The synthesis, adapted from a previously described procedure (56), was conducted in two steps. First, 1,4,5,8-naphthalenetetracarboxylic dianhydride (2.68 g, 10.0 mmol) and ethanolamine (3.06 g, 50.0 mmol) were dissolved in 150 ml of ethanol. After stirring at 90°C overnight, the mixture was poured into deionized water (200 ml), and the precipitate was washed with ethanol (100 ml). The NDI with dihydroxyl groups (NDI-diOH) was obtained as a light yellow solid. Subsequently, NDI-diOH (2.80 g, 8.0 mmol) was dispersed in 65 ml of pyridine and 10 ml of tetrahydrofuran (THF) under argon. A solution of α-bromoisobutyryl bromide (8.92 g, 40.0 mmol) in 15 ml of THF was slowly added to the mixture. After stirring at room temperature overnight, the solution was poured into deionized water (200 ml), and the precipitate was filtered and washed with ethanol (100 ml). The light brown solid obtained was further purified by column chromatography on silica gel with DCM as the eluent. The NDI with dibromoisobutyryl groups (NDI-diBr) was obtained as a pink solid (3.97 g, 76% over two steps). 1H NMR [400 MHz, chloroform-d (CDCl3)]: parts per million = 1.86 (s, 12H, -CH3-), 4.58 (m, 8H, -CH2-), and 8.77 (s, 4H, aromatic ring). 13C NMR (75 MHz, CDCl3): δ = 171.6, 162.8, 131.1, 126.8, 126.6, 63.1, 55.7, 39.3, and 30.7. High-resolution mass spectrometry (ESI+): m/z (mass/charge ratio)= 652.9964 (M + H)+.

Synthesis of NDI polymers

All polymer syntheses were carried out by NDI-diBr–initiated ATRP. Different DPs were achieved either by varying the monomer/initiator feeding ratio or by controlling the reaction time. In a typical procedure, 1.0 equivalent (eq.) of NDI-diBr was loaded in a dry Schlenk flask, along with copper(I) bromide (CuBr; 1.5 eq.) and 4,4′-dinoyl-2,2′-dipyridyl (1.5 eq., except NDI-PSpMe-2 and NDI-PSpMe-3). The Schlenk flask was evacuated and refilled with argon through several cycles to remove oxygen. In the meantime, the monomer was deoxygenated by bubbling argon for at least 20 min. For NDI-PSpMe-2 and NDI-PSpMe-3, the monomer was mixed first with 1,1,4,7,7-pentamethyldiethylenetriamine (PMDETA; 1.5 eq.) and degassed with argon. Desired amounts of the degassed monomer (or mixture with PMDETA) were added to the Schlenk flask using a syringe under argon. The Schlenk flask was then heated at 115°C (for NDI-PS-1) or 80°C (for others) in an oil bath. After a specific time, the Schlenk flask was taken out of the oil bath and cooled down with water to stop the reaction. Last, the brown residue was consecutively dissolved in THF, filtrated through basic alumina column, precipitated once in hexane and twice in methanol, and then dried under vacuum overnight. Final product was obtained and ready for further analyses. The synthesized polymers were characterized by 1H NMR spectroscopy (figs. S24 to S28) and GPC (fig. S30).

Debromination of NDI polymers

In a typical procedure, 0.2 to 0.4 g of polymer with high end-group fidelity was loaded in a dry Schlenk flask, followed by several evacuation and argon-filling cycles to remove oxygen. A total of 2 ml of extra-dry DMF was degassed by bubbling argon and then was loaded to the Schlenk flask under argon. The Schlenk flask was heated at 100°C in an oil bath. To obtain different conversions of the end groups, about one-fifth of the reaction mixture was taken out from the Schlenk flask using a syringe at different time intervals (5, 10, 20, and 45 min for NDI-PSpMe; 0.5, 1, 2, 4, and 6 hours for others). The mixture was immediately cooled down, precipitated twice in methanol, and dried overnight under vacuum to yield the final product for further analyses. The debrominated polymers were characterized by 1H NMR spectroscopy (figs. S24 to S28), solid-state 13C NMR (for NDI-PS-1 and NDI-PS-1d; fig. S29), and GPC (fig. S30).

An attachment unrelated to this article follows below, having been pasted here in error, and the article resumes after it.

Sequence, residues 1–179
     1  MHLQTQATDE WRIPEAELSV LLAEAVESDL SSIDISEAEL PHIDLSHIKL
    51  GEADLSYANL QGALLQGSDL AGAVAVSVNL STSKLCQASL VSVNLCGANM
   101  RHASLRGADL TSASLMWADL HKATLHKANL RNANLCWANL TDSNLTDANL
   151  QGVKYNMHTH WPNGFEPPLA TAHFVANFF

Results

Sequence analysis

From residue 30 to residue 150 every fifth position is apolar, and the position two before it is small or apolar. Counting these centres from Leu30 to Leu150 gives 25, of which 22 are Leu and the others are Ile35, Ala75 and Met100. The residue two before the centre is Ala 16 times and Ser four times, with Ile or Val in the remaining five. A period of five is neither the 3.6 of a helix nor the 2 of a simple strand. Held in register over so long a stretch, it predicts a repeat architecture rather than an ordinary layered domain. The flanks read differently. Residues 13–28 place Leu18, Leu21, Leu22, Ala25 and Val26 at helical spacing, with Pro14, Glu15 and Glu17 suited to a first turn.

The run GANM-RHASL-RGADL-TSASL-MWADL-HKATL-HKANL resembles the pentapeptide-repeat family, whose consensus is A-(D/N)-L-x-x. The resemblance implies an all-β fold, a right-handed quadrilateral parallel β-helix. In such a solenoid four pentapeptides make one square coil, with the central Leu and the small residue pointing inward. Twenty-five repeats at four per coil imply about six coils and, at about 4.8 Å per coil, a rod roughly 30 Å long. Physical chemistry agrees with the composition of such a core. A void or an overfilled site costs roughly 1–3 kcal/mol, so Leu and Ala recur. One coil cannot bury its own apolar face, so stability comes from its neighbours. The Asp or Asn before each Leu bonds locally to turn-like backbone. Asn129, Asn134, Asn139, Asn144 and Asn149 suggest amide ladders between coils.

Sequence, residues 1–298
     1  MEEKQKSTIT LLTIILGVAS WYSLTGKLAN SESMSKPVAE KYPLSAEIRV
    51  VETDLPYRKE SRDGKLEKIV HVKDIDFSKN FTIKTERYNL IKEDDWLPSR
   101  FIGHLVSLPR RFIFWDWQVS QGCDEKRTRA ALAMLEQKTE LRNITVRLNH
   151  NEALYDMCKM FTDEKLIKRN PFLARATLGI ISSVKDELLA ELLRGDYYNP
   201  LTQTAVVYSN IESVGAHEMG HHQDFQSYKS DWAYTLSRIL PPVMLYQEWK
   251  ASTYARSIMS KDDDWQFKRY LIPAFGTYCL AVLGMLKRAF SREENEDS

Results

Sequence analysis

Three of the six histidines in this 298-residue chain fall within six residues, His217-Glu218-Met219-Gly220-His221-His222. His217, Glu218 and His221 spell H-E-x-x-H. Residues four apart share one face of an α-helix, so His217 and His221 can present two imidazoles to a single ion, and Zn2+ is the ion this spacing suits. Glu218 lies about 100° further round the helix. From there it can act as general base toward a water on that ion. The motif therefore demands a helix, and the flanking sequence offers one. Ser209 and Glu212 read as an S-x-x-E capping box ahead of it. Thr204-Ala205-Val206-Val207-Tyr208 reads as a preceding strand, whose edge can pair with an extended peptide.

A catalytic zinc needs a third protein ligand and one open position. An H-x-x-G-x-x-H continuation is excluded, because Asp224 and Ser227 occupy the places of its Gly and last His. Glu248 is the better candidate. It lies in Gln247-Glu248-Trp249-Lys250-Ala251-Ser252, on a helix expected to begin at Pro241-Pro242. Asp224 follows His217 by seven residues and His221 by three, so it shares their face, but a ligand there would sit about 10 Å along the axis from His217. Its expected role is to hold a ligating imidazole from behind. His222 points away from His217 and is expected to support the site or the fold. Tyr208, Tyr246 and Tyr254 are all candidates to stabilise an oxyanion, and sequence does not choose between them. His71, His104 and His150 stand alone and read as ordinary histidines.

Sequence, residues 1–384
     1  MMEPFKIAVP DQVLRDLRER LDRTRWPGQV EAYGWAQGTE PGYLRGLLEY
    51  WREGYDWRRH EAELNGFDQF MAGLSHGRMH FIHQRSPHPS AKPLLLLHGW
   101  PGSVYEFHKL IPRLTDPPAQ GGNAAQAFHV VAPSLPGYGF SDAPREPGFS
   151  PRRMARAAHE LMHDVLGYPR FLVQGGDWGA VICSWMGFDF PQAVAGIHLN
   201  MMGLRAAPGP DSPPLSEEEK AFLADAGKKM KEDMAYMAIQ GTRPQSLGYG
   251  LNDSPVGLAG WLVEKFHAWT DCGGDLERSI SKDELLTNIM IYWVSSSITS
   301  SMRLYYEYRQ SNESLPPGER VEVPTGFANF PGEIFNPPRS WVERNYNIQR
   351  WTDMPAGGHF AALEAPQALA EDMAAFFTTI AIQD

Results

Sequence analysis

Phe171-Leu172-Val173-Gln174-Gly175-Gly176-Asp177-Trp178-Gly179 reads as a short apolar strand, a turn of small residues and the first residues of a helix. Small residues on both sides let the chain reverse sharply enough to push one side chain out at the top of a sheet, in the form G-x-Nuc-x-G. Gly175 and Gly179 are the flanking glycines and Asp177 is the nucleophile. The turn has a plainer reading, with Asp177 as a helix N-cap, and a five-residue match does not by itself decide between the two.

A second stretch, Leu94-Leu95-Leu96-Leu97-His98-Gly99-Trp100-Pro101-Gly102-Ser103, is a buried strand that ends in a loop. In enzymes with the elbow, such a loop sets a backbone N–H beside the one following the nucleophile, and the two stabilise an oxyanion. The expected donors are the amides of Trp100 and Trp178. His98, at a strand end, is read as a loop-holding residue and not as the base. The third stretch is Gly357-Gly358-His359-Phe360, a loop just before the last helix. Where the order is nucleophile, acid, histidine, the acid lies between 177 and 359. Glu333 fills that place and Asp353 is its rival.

End-group engineering of NDI polymers

Hydrogenation of NDI-PS-1 was adapted from the previously reported method (57). Specifically, NDI-PS-1 (1.0 eq.) and CuBr (0.5 eq.) were loaded in a Schlenk flask and vacuum for 20 min, followed by a vacuum-argon cycle for three times. Next, extra-dry THF was loaded into the flask and deoxygenated in argon flow for 10 min, followed by loading of PMDETA (0.5 eq.) under argon. The mixture was stirred at room temperature for 30 min under argon. Tributyltin hydride (3.0 eq.) was then added into the reaction flask under argon. The flask was placed in an oil bath at 60°C for 4 hours with stirring. Last, the residue was consecutively dissolved in THF, filtrated through basic alumina column, precipitated twice in hexane, and then dried under vacuum overnight.

End-group functionalization with cinnamyl and naphthalene groups was performed according to the reported method (55) and specified as follows. AgClO4 (3.0 eq.) was loaded in a Schlenk flask; NDI-PS-1 (1.0 eq.) and cinnamyl alcohol or 1-naphthalenemethanol (20 eq.) were loaded in another Schlenk flask, followed by an 1-hour evacuation and next a vacuum-argon cycle for three times. Then, extra-dry toluene was added to dissolve the polymer and alcohol under argon. The solution was then transferred into the first flask under argon. The flask was placed in an oil bath at 25°C under stirring overnight. Last, the residue was consecutively dissolved in THF, filtrated through basic alumina column, precipitated twice in methanol, and then dried under vacuum overnight. Final product was obtained and ready for further analyses.

Drop-casting and photolithography process